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Sophomores Matthew Gill and Kyrin Pollock discuss "The reality of Virtual Reality" at TEDxBinghamtonUniversity on the Osterhout Concert Theater stage.
Photo by Jonathan Cohen
TEDx: Sophomores envision a future of virtual reality
March 22, 2016Tweet
Both Kyrin Pollock and Matthew Gill understand how any form of daydreaming, whether about a favorite vacation spot or having the life of a celebrity, sets the stage for virtual reality.
“Whatever the case may be,” Pollock said, “in all these situations, while your body is physically in the present world, your mind is in another world. You’ve created a virtual reality for yourself.”
Pollock, a sophomore majoring in biomedical engineering and Gill, a sophomore majoring in electrical engineering, collaborated on a talk called “The reality of Virtual Reality” at TEDxBinghamtonUniversity at the Osterhout Concert Theater on March 20. As members of Enhance VR, a virtual reality-based start-up company founded in the spring of 2015, they spoke about what virtual reality is, and discussed its merits.
“Virtual reality is a computer-generated environment in which the user can physically interact,” Pollock said.
Access to headsets, such as oculus rifts, enables users to submerge themselves in various settings. Through these devices, users are exposed to a 360-degree, three-dimensional view of computer-generated locations.
“The more senses that are stimulated, the more our brains believe that what we’re experiencing is real,” Gill said.
Pollock and Gill noticed that much of today’s virtual-reality technology focuses solely on the visual aspect. To take virtual reality to the next level, they built a motion stimulator with their team last spring. It is capable of moving users forward, backward and from side-to-side.
“We built the stimulator because we wanted the user to experience the excitement of acceleration,” Gill said.
The stimulator was constructed with materials including PVC pipes, recycled bike parts and duct tape. The cost of the project stayed within a college-student budget of under $1,000, a factor that Pollock and Gill take pride in. The duo presented the audience with a video of the stimulator in action. In the short clip, a user wore an oculus headset while experiencing the stimulator as if he was driving on a racetrack through controlling a video-game console.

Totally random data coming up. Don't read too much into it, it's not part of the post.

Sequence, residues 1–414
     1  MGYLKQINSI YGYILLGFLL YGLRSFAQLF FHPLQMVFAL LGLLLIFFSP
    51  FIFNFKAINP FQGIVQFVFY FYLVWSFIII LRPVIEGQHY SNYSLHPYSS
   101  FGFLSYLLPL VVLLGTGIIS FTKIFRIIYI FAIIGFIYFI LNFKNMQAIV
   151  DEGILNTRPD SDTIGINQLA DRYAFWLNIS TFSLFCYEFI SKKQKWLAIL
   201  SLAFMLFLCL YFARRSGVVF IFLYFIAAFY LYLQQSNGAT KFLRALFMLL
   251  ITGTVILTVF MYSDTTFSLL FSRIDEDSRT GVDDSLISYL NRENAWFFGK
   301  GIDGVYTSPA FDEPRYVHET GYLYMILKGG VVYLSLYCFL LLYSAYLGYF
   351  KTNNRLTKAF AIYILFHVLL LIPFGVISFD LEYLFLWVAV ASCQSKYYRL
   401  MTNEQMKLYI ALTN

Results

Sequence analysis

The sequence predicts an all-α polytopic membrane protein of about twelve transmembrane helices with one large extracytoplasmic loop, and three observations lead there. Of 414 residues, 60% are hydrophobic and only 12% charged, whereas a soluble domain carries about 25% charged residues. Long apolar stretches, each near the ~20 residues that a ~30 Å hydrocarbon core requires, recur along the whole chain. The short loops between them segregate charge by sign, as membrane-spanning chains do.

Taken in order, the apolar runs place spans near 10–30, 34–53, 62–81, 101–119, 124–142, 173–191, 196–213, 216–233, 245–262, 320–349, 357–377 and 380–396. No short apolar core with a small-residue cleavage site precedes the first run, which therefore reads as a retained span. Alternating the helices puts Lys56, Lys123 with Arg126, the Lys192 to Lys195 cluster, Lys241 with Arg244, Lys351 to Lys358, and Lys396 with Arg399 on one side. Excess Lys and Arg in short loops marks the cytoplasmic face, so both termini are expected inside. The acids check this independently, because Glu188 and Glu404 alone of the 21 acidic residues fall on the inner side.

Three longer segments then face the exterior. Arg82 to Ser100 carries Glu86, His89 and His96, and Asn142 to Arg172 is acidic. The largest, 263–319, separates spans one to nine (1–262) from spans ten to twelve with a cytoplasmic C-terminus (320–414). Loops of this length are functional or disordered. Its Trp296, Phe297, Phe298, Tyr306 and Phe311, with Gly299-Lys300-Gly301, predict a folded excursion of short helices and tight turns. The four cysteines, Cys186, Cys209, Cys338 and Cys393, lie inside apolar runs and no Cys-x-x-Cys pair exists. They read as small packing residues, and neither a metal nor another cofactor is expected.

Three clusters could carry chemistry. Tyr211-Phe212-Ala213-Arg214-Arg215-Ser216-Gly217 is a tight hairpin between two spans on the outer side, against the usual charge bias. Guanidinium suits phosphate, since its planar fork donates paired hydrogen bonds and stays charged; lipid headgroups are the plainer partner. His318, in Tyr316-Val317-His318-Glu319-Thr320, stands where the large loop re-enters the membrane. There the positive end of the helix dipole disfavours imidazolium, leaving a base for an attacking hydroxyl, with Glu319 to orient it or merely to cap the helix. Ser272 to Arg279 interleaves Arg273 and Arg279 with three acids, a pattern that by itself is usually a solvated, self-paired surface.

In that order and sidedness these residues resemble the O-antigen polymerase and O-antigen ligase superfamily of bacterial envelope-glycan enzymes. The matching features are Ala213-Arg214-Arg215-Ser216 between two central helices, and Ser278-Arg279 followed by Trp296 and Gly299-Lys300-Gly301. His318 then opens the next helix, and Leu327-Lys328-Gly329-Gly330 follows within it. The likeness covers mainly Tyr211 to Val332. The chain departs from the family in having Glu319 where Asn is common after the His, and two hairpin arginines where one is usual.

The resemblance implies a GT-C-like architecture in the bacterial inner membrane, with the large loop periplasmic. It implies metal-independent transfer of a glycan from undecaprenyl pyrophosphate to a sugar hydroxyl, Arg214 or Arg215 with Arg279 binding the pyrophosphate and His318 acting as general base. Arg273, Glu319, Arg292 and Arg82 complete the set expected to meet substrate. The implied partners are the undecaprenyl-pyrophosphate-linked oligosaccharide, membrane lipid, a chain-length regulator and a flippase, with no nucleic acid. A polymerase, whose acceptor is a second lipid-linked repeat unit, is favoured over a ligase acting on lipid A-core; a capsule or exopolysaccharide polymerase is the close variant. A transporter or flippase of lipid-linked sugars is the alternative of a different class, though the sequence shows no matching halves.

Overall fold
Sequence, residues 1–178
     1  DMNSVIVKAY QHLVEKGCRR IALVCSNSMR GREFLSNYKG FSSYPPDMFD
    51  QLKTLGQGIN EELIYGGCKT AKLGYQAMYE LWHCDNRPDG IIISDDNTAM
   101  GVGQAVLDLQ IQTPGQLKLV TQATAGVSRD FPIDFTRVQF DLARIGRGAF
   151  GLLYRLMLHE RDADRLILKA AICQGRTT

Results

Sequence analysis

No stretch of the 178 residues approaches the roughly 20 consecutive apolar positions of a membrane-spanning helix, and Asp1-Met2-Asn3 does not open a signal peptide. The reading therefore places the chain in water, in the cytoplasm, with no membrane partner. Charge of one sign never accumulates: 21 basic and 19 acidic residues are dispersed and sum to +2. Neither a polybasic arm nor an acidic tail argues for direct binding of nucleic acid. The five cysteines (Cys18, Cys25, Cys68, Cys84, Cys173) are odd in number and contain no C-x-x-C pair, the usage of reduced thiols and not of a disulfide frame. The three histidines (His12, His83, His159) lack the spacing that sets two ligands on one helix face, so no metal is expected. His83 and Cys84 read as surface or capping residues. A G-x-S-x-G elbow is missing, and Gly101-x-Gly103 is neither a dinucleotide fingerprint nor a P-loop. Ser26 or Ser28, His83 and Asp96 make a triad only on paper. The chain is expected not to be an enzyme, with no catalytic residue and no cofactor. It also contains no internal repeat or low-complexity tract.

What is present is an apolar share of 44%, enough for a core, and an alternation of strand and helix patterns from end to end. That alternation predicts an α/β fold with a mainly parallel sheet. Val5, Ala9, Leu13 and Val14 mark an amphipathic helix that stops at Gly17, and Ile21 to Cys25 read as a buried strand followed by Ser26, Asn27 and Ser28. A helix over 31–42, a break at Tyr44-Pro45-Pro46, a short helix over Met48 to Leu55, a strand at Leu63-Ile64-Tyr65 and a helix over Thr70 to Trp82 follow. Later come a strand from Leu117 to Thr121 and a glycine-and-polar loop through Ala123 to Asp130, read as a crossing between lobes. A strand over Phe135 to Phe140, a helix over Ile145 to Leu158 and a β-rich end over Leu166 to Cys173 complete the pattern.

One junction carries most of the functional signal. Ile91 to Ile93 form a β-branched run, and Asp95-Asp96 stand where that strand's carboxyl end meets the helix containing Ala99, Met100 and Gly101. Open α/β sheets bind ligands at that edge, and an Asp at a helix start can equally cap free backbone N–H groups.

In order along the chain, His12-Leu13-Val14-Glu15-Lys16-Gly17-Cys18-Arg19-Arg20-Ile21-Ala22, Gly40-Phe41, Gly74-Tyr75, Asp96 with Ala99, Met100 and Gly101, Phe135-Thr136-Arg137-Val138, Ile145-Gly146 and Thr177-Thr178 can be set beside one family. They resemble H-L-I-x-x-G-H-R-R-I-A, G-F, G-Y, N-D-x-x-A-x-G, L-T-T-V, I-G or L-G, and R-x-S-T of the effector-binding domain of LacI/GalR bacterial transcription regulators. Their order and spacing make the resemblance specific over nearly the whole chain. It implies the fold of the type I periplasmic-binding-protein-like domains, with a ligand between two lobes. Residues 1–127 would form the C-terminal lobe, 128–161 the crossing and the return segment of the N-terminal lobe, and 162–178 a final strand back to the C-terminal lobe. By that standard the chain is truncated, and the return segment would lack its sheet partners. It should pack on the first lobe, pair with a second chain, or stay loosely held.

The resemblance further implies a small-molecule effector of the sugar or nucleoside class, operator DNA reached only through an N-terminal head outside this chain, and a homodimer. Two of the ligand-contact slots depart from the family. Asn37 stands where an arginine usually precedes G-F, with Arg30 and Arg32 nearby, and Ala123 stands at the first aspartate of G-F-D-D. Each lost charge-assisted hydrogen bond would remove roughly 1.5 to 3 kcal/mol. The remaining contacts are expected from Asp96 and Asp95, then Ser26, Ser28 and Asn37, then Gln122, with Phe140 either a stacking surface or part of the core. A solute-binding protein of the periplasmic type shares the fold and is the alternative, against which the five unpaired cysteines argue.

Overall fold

“Once we can trick the brain into believing the stimulated visuals, our other senses can be more easily fooled as well,” Pollock said.
Pollock and Gill addressed the potential that virtual-reality technology can bring to education. From experiencing historical events to exploring the many layers of the earth, virtual-reality technology can help students to physically visualize course material in a classroom setting. The Google Expeditions Pioneer Program is an example of a platform that endorses virtual reality in education.
“Studies show that when the experience is more memorable, more senses are involved,” Gill said. “When more senses are involved, the emotional experience of the user intensifies, which can help develop emotional intelligence.”
Pollock and Gill defined emotional intelligence, or EQ, as the ability to understand one another, and to connect to the social environment. They emphasized that research has proven that EQ is as good as a predictor – if not better – than IQ when looking at future levels of success.
“Education using virtual reality has the ability to connect our minds and bodies, and integrate it to a more sensory experience overall,” Pollock said. “This goes to show that virtual reality is helping to develop emotional intelligence.”
Besides education, virtual-reality technology has also spread to the film industry. Pollock and Gill provided the audience with an example of a virtual-reality movie called “Blackout.” Viewers of the movie are given the opportunity to experience telepathy during a blackout on a subway train, which allows them insight into the backgrounds and thoughts of the passengers they encounter who are stuck in the same predicament.
“Virtual reality, in a sense, could maybe shed a new light on your daily life,” Gill said, “or better yet, how about a new perspective on others in our world?”
Virtual reality is also starting to influence how news is consumed. Through the New York Times VR, consumers can use smartphones and a Google Cardboard virtual reality viewer to experience news as if they were there when it happened. Pollock and Gill demonstrated how this innovation works by presenting a recent New York Times piece about a vigil held for those who died from the Paris attacks, accompanied by pictures and their narrations.
The duo ended the talk by stressing how virtual reality can assist us in learning about and engaging with the world we live in. They added that it could broaden the scope of research, exploration, science, education and travel.
“Virtual reality is not cutting us off from our current world,” Pollock said. “Rather, it is opening us up to a world of possibilities.”